I’ve recently published several short story/ flash fiction pieces. You can read those by clicking the links below.
The Cult of Steph Curry is a ferocious horde—a Twitter-dwelling echo chamber, armed with crying-Jordan memes and next-gen stats, as passionately intent on spreading the myths of their prophet as Beyonce’s social-media army. The platitudes they spit out about Curry, and the record setting 73-win juggernaut he plays for, are easy to rally behind. Home grown. Underdog. Organic. Skill based. The right way. Do those sound familiar? They should.
Steph Curry broke onto the consciousness as a scrawny guard wearing a loose-fitting scarlet jersey repping a team you’ve never heard of. Call it fearless, call it reckless, Curry was launching twenty-five footers at a rare and disorienting rate. Before the analytic-driven revolution that led to the NBA spreading the floor and shooting more threes in the past three seasons than it did the previous eight combined, Steph Curry was throwing up ten threes a game. His collegiate star was brightest his sophomore year as he led his tenth-seeded Davidson Wildcats on an improbable Elite-Eight run, tallying 33 points per game and firing off 51 threes in four games. But the Steph Curry Cult wasn’t much more than a clamoring minority then. A legion of fans who loved showcasing him in March Madness 2009 (RIP to that terrific franchise) and a handful of others seduced by his boyish looks and limitless range. When he left Davidson and entered the NBA draft in 2009, he fell to seventh overall. Shoe companies didn’t line up to make him the face of their brand. ESPN didn’t play Warrior games, despite it’s large market. After his rookie season, his jersey wasn’t among the top 15 in sales. A top 15 that featured Nate Robinson and David Lee. No, he wouldn’t find himself on that list until 2014-15.
Curry got plenty of playing time during his rookie season, notching 36 minutes per game, but he seemed different from the energetic spark plug we saw in college. Was the physicality of the NBA overwealming? Did the Warriors coaching staff install a Governor on his shot selection? (He shot only four threes a game his first three seasons.) Then came the injuries. A bum ankle restricted him to only 26 games in the 2011-12 season. Due to the injury concerns, at the start of the 2012 season Curry signed a tepid four-year contract for $44 million. Where was his cult?
The answer resided in the sunny beaches of Miami.
Even before LeBron James infamously left Cleveland, a team that history often forgets was co-piloted by Mo-fucking Williams, a gang of idolatry Michael-Jordan worshippers snuffed out a threat and seized. Protecting their precious nostalgia, they tried to undermine LeBron’s every accomplishment and condemned his move to Miami. All of his achievements were qualified with a yeah but—he took the easy route, he needed Wade and Bosh to win, the East sucks. Yadda Yadda. Skip Bayless and the executives of ESPN seized on the fervor and built a race-baiting daytime empire around it. They did whatever they had to in order to protect the myth of Michael Jordan.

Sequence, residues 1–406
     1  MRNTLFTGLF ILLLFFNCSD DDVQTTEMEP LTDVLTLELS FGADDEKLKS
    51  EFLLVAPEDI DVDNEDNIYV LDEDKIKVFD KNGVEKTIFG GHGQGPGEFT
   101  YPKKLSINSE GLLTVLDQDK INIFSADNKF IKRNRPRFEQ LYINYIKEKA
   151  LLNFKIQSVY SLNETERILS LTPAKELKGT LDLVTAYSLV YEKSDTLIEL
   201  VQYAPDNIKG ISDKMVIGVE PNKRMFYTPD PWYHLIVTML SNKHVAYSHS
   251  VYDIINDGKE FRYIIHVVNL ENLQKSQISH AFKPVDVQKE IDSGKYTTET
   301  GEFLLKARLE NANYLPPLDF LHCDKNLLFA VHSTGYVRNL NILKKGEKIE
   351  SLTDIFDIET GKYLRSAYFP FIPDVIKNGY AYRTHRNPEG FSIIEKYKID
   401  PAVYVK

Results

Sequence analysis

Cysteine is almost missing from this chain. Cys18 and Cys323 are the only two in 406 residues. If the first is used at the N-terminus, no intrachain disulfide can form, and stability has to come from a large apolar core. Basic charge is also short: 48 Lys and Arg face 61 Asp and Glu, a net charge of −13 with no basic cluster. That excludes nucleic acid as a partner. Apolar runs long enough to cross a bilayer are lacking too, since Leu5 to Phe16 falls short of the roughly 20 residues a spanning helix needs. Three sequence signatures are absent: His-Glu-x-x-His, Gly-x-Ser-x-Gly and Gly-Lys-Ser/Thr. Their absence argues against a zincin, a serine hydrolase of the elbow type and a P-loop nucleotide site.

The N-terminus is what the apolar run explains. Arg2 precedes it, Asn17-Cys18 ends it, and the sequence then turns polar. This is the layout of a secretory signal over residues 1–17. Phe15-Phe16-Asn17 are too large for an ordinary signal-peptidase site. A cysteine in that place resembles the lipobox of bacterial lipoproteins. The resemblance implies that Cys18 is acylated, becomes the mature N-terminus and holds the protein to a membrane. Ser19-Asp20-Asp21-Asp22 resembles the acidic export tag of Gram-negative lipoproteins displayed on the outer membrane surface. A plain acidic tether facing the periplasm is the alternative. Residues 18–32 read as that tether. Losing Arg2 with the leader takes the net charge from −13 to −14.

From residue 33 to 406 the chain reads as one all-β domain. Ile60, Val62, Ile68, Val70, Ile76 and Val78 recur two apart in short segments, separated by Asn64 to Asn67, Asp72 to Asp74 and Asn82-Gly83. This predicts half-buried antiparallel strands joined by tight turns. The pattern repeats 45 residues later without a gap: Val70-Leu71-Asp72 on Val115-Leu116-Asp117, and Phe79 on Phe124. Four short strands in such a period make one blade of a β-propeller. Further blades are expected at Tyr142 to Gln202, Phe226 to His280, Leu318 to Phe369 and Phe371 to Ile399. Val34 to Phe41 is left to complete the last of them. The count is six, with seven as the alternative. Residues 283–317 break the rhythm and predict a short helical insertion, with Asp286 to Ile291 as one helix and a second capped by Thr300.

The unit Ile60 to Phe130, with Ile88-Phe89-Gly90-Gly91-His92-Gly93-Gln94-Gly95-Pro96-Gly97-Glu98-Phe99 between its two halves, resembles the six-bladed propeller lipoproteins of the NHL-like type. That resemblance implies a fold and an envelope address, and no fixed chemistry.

When attacking LeBron they ignored the seven-year Finals drought that Jordan suffered to begin his career, that he didn’t win until the Bulls drafted Pippen. When that tired, the LeBron dissenters elevated false champions. They clamored for Derrick Rose. So much so that the media, party to the LeBron nit-picking, flagrantly awarded Rose an MVP. When LeBron, and flimsy knees, set fire to the Rose effigy, they moved to Durant. But the lanky sharp-shooting seven-footer lost to LeBron in 5 and then couldn’t get back, despite having an supremely-talented alien for a sidekick in Russell Westbrook. The salt-ridden mass of LeBron haters had nothing to cling to.
Then a life raft emerged in the form of wide-grinned, shot-chucking Steph Curry.
Starting last year, people began propping up Curry over LeBron. It was bewildering and sudden and only intensified this season. Soon after, the Horde hopped over LeBron and started comparing Curry to Michael Jordan. Which is fine. Except none of the LeBron qualifiers existed. LeBron, who throughout his Heat run guarded the opposing team’s best player, in one Finals run guarding Paul George, Derrick Rose and Tim Duncan in successive series, would get ripped to shreds for a missed free throw and for missing half a Finals game with severe cramps. Whereas Curry, who was being hidden on opposing team’s worst offensive player, isn’t knocked for similar feats. Not for getting inarguably outplayed by Russell Westbrook, for getting injured, for relying on Klay Thompson’s heroic Game 6 performance to save their season. When has LeBron ever needed that? Don’t give me the Ray Allen shot unless you’re willing to strip away Jordan’s ring that Steve Kerr’s game winner secured. The one time LeBron was outplayed, by Kawhi Leonard in the 2014 finals, he was torn apart. And even that is arguable when you review the stats. While Curry was the fourth, maybe fifth, best player in the OKC Series, having two MVP-level games. 2-5.